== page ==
In January Orinda is planning on conducting a survey of 400 residents on what their opinion is of extending (and doubling) the half cent sales tax.
Included in the survey are questions about the 30 miles of roads which the City has never adopted as public roads. These roads provide access to 1,550 Orinda homes; over 20% of Orinda. Most of these roads are small cul de sacs, indistinguishable from the 30 miles of cul de sacs and loop streets which are publicly maintained and define the very nature of Orinda’s semi-rural neighborhoods.
The survey identifies these roads as Private Roads. Currently they are privately owned and maintained but most of them are open for public use with no gates or signs restricting access. If they were publicly maintained, they would either become public (land given to the City) or they would legally grant public access. This fact is not made clear in the survey.
100 years ago all of Orinda was private. As roads were developed they were adopted by the County as public and then publicly maintained. At least most of them were. 25 miles of them were left out, mostly for reasons unknown. Recently, another five miles (Wilder and Orinda Grove) were also “left out” but the reason was very clear: The City looked forward to the increased property tax revenue the new properties would provide but did not want to pay to maintain the new roads. And a condition for development was that they were required to provide public access.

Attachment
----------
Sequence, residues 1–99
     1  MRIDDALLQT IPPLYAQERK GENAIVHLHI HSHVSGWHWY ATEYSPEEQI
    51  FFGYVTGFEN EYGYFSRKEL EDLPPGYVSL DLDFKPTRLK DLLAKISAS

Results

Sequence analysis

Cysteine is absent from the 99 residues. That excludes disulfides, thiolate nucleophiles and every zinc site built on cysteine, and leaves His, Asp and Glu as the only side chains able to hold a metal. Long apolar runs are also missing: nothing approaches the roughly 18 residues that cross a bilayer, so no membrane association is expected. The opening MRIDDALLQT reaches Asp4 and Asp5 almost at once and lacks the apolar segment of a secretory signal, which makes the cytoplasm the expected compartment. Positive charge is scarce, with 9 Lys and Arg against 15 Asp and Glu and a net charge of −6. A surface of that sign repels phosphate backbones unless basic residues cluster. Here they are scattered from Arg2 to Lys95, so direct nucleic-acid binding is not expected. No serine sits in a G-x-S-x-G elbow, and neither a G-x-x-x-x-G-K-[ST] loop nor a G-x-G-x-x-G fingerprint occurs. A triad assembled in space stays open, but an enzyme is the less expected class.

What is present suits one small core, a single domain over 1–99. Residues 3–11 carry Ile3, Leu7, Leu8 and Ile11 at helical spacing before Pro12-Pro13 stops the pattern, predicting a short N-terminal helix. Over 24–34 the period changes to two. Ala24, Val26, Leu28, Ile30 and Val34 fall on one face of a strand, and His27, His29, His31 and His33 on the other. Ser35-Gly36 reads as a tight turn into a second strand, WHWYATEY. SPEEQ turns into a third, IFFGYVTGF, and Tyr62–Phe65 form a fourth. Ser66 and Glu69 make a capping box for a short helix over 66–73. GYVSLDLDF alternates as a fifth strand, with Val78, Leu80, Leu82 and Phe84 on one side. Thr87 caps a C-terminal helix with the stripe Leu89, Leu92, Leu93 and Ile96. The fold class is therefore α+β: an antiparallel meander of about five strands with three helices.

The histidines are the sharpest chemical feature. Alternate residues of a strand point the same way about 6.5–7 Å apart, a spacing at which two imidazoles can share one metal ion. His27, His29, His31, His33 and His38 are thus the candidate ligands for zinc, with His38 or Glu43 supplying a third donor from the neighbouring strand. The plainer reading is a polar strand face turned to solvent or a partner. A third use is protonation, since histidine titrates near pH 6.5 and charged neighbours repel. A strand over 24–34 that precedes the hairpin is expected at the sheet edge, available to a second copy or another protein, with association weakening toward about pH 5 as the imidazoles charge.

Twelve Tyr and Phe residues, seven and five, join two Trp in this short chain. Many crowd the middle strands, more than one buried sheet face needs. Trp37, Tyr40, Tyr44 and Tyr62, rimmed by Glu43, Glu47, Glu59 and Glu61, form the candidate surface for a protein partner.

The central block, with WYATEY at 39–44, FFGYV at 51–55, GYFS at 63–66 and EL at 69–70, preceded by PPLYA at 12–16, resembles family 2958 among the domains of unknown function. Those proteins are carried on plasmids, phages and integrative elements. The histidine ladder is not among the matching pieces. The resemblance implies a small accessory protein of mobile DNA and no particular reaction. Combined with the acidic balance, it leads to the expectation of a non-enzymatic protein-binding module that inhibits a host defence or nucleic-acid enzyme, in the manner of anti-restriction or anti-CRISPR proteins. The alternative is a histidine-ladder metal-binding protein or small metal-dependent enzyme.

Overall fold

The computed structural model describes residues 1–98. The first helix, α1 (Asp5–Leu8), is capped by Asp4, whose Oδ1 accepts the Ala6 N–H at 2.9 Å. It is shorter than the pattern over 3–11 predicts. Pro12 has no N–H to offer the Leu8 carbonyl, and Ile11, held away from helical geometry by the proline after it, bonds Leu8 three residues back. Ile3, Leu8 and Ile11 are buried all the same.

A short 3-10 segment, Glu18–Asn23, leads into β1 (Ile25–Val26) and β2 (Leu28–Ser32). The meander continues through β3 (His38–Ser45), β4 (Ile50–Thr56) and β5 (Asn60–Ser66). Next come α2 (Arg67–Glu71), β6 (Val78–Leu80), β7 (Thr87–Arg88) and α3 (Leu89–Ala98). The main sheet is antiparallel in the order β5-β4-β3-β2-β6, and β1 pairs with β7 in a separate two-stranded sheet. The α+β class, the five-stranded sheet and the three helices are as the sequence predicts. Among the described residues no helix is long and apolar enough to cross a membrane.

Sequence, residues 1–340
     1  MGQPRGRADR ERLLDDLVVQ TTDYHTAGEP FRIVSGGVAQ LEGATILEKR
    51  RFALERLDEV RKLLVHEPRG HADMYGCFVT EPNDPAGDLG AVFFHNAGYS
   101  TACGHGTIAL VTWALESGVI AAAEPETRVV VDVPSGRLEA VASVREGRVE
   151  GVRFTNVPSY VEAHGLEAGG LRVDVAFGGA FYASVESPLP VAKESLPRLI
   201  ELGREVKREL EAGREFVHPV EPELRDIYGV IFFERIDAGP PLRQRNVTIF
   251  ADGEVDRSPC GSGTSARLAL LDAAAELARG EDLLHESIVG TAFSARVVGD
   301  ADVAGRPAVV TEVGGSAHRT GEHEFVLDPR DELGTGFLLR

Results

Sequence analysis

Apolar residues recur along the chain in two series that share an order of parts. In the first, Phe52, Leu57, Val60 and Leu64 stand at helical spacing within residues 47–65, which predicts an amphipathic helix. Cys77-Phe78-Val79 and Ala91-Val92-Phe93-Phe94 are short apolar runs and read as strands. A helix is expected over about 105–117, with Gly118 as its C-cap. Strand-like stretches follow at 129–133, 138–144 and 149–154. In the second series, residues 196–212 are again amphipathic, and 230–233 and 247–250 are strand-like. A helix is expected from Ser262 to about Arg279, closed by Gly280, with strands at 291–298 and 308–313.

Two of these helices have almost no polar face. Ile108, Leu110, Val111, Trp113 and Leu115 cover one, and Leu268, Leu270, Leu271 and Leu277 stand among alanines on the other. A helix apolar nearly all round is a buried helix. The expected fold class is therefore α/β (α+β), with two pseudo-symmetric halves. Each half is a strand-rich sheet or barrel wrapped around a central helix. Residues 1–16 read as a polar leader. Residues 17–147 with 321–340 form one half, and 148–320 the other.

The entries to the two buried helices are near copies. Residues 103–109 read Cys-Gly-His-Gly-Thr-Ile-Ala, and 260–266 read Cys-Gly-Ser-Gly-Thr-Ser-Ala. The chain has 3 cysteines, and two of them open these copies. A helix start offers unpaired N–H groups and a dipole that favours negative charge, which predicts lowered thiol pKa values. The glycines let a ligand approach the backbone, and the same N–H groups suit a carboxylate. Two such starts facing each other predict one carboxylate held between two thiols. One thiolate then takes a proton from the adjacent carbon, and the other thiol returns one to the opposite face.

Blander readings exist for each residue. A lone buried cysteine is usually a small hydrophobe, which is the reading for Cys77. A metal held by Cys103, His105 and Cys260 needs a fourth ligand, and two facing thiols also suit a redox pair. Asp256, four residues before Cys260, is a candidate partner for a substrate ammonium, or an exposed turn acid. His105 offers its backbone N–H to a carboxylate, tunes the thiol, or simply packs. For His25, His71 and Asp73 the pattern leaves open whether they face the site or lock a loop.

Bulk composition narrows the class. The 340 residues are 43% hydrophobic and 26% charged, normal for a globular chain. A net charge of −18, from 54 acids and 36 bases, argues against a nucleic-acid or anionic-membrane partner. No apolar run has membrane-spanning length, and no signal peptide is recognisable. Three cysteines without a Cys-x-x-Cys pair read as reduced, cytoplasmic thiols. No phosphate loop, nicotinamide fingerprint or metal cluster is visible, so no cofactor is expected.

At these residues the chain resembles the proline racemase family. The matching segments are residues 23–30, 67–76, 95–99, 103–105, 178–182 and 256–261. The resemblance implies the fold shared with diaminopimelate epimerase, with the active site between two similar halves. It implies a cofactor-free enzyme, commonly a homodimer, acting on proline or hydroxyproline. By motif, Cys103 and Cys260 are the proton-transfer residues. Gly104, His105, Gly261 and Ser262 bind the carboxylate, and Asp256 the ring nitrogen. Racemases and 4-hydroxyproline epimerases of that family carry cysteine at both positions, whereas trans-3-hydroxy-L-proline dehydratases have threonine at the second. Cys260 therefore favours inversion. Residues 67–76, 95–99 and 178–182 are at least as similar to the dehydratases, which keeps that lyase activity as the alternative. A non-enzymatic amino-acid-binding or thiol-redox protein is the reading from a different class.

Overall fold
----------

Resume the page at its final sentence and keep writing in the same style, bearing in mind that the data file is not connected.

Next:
The survey asks if these roads should now be integrated into the community. If these streets are willing to provide public access to anyone who wants to use them, as most of them already do, should they be considered part of the community and be maintained by the community? Or should the residents of these roads be excluded from receiving the public benefits their neighbors receive, while paying for them?
The annotated copy of the survey below and available for download above clarifies this. Hopefully, this will clear up any confusion the questions could present. Please forward this to friends and neighbors who may be called on to respond to the survey. For more information about this issue look at the Private Streets section of this website or contact us.